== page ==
PDA

View Full Version : Obama to Re-examine Constellation Program



Fraser
2009-May-05, 09:00 PM
The White House is expected to announce on Thursday that they will order a full review of the NASA’s Constellation program. The reason for the review is to determine whether the Ares I rocket and the Orion crew capsule are the best options for replacing the space shuttle. According to the Orlando Sentinel, [...]

More... (http://www.universetoday.com/2009/05/05/obama-to-re-examine-constellation-program/)

mike alexander
2009-May-06, 11:01 AM
From tuna down to anchovies already? The Bad Choice Booster needs springs, a smaller capsule (will NASA tout the extra 25% of room in the new capsule vs. the old Apollo?) and BCB is already aiming for the traditional NASA 2X+ cost overrun.

Just shut the whole thing down, let the Russians/ESA/Japan/India do manned and spend the money on what the US does best: splendid robots. A telepresence lab on the moon, with the short SOL lag should work really fine for everything from exploration to sophisticated chemistry, geology and what else. Shift that 10 billion or whatever to the next generation of Great Observatories, replacing our failing earth-observing satellites... lots to do.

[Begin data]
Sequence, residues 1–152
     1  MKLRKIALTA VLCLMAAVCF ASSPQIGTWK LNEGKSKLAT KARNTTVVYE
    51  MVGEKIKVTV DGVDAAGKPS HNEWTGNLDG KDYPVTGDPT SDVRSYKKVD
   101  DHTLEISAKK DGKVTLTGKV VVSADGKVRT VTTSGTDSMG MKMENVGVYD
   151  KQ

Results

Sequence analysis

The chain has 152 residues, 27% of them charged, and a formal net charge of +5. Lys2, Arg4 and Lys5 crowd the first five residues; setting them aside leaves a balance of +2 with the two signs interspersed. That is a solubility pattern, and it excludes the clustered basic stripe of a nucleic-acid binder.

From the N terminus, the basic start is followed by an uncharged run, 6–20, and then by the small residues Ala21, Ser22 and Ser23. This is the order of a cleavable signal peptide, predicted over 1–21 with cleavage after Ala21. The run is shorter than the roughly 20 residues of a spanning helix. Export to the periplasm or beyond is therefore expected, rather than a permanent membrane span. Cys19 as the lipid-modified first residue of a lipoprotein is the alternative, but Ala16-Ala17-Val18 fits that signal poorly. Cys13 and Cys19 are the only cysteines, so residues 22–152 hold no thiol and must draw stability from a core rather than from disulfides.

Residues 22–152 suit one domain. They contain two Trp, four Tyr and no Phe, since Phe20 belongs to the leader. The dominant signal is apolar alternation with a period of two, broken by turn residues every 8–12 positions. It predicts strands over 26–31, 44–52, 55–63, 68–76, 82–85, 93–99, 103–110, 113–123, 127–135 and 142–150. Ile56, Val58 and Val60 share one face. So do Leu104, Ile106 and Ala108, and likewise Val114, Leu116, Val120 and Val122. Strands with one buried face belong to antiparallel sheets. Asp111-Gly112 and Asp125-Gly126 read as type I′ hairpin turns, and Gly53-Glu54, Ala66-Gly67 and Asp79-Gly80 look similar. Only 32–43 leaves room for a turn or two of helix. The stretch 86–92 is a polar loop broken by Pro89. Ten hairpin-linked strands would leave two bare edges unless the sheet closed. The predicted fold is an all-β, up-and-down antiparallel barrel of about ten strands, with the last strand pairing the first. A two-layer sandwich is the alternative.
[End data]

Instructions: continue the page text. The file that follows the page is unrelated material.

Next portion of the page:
apolloman
2009-May-06, 02:19 PM
If its a re-examine to give the project a boost then fine. But if Mr. Obama wants to give the project an overhaul, I can see the US catching taxi flights to space for many many years to come.

Currently there just isn't enough momentum behind Constellation so I hope this is what the re-examine is for.

mike alexander
2009-May-06, 06:12 PM
If human space flight is to become a truly international activity as we all pretend we want it to be, instead of mainly a vanity thing where countries compare rocket lengths, the idea of the US catching a ride on a proven Soyuz/Proton program shouldn't bother anyone. But it does, meaning the cold war is only cool, cooperation is guns cocked but not firing, and human space flight remains a vanity for nations that can squeeze out enough surplus income (Ex: India and Pakistan both developed atomic bomb technology, but India now has a robust launch and satellite industry that Pakistan simply cannot afford).